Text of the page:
A Comparative Analysis of Tax Administration in Asia and the Pacific: 2016
This comparative analysis report analyzes the administrative frameworks, functions, and performance of 21 economies in Asia and the Pacific and shares important developments and trends in tax administration practice and performance.
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The analysis and practical guidance provided in this report are based on surveys of revenue bodies conducted in 2014 and 2015, along with accompanying research of revenue bodies’ corporate documents, and guidance and diagnostic materials published by international organizations that seek to promote improvements in tax administration.
The report series aims to help revenue bodies and governments identify opportunities for enhancing the operation of their tax systems by sharing internationally comparable data on aspects of tax systems and their administration. However, considerable care needs to be taken with international comparisons of tax administration setups and performance-related data.
Some broad observations and conclusions emerging from the analyses include the following:
- Data for the vast majority of economies reveal an increasing tax to gross domestic product ratio (tax–GDP ratio) in the years up to 2013, although there is significant variation in the tax mix relied on.
- Revenue bodies in many developing economies have fairly limited autonomy, particularly in relation to the flexible use of budgeted expenditure, the design of their internal structure, and/or the ability to influence the recruitment and mix of staff.
- Many revenue bodies appear to have a limited planning horizon (i.e., the immediate fiscal year). Consideration should be given to adopting a longer planning horizon and developing a more robust strategic planning framework that includes a comprehensive set of performance measures for the key objectives set.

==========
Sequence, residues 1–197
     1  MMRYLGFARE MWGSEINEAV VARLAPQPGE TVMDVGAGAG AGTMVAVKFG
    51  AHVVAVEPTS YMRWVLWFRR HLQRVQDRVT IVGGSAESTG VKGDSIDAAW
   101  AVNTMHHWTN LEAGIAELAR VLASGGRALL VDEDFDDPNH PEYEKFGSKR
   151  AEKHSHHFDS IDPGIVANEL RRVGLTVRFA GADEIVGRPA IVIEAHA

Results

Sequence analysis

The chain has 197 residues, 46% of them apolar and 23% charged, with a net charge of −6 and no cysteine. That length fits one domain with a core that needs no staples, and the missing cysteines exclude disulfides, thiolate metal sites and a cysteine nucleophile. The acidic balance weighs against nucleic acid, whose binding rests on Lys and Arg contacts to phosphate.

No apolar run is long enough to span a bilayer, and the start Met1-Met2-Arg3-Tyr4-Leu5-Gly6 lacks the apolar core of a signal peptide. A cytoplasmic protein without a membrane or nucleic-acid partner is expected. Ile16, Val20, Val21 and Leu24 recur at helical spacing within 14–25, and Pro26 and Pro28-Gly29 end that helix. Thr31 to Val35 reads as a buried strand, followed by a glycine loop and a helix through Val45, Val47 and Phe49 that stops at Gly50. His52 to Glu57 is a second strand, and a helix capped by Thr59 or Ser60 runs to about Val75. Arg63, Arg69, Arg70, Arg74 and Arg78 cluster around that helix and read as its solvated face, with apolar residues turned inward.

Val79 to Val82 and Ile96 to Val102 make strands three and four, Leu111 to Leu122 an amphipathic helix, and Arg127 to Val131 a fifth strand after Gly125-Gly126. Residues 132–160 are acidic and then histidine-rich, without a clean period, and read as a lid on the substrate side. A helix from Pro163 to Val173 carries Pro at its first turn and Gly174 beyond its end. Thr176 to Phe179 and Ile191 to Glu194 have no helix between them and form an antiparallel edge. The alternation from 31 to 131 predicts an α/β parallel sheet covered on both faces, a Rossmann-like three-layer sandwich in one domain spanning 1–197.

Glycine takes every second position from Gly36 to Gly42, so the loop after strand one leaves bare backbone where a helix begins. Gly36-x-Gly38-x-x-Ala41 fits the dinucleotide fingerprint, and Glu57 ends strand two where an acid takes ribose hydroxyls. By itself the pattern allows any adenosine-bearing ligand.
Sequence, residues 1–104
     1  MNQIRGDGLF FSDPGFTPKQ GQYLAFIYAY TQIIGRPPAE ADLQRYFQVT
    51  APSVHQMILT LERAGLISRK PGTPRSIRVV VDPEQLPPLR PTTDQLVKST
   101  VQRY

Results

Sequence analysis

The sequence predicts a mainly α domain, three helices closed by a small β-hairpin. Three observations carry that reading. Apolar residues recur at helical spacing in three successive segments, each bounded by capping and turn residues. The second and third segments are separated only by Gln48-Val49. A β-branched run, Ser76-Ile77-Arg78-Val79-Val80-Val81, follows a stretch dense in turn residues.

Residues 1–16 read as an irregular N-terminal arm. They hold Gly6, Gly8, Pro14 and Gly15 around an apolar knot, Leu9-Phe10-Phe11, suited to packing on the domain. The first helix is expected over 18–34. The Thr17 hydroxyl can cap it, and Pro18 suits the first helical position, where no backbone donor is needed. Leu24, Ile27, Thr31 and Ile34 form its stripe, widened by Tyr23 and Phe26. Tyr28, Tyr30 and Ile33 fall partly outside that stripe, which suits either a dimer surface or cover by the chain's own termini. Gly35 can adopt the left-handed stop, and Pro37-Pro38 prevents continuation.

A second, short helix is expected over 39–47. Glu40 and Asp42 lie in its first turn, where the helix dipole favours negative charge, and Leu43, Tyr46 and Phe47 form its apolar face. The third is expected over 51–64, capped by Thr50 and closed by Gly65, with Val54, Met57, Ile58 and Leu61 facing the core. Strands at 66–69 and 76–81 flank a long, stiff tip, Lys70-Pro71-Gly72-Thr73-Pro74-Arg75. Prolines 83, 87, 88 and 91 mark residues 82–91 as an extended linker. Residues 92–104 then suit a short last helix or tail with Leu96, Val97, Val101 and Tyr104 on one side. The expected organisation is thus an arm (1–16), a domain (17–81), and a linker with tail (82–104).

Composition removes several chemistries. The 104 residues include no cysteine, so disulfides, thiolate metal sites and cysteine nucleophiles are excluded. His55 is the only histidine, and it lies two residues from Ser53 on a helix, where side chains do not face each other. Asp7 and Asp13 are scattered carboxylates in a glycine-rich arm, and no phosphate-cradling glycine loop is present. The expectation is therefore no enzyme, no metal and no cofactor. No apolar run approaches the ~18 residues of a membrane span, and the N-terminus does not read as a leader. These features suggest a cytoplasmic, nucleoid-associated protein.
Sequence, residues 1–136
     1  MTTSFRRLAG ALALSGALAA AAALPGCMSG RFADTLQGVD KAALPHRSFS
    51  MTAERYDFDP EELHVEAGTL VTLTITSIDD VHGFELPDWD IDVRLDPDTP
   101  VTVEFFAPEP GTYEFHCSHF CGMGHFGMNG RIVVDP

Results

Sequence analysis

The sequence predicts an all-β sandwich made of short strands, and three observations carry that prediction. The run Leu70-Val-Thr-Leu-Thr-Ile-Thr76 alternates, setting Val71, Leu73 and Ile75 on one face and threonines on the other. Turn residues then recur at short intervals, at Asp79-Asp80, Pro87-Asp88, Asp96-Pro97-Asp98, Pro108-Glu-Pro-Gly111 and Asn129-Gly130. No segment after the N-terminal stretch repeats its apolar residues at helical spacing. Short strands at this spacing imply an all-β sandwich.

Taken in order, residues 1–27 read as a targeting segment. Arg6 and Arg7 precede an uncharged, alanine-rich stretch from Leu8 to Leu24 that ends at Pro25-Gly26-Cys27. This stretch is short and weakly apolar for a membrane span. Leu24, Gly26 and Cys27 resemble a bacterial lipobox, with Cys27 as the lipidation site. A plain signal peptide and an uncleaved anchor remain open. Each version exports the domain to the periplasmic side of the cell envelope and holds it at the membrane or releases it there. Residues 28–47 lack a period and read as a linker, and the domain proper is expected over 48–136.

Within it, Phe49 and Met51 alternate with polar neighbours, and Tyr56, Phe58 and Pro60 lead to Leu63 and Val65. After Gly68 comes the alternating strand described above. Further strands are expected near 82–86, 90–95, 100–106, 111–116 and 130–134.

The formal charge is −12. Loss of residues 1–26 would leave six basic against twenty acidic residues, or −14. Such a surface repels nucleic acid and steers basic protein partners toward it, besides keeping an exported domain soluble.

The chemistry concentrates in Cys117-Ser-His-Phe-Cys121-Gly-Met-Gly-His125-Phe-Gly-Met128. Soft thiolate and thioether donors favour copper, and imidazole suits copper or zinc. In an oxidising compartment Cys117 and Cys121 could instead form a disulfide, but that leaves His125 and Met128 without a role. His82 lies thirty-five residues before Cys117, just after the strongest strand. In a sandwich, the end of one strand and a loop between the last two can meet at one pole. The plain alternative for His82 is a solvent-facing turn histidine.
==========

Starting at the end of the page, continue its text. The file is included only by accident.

- The vast majority of economies reported having a formal plan or strategy for improving the range and quality of their electronic services over the medium term. The areas for priority attention most frequently reported were (i) online filing of tax returns; (ii) online payment of taxes; (iii) upgraded websites, offering additional tax system information and applications; (iv) other online transactions; and (v) integrated taxpayer accounts.
- Good levels of progress with the use of online filing of tax returns is being achieved by a number of emerging and developing economies (e.g., Malaysia, Mongolia, and Thailand). However, for many developing economies (e.g., Cambodia; Hong Kong, China; the Kyrgyz Republic; Papua New Guinea; the Philippines; and Tajikistan), either very limited progress has been made in this regard, or such services are yet to be offered.
- Most emerging and developing economies appear to have significant potential to make substantially greater use of fully electronic payment services, and to dispense with other more costly payment services (e.g., in-person and agency payments). Similarly, many revenue bodies do not appear to monitor the usage of the different payment methods used and, as a result, do not have a good understanding of their related costs and benefits.
This report is the second in a series, and is part of ADB’s regional research and development project on tax administration. The initial version of this report was published in 2014.
- Executive Summary
- Tax System Revenue Collections and Structure
- Institutional and Organizational Design of Tax Administration
- Strategic Management in Revenue Administration
- Human Resource Management
- Operating Budgets and Staffing of Revenue Bodies
- Tax Administration Operations
- Use of Electronic Services in Tax Administration
- Legislated Administrative Frameworks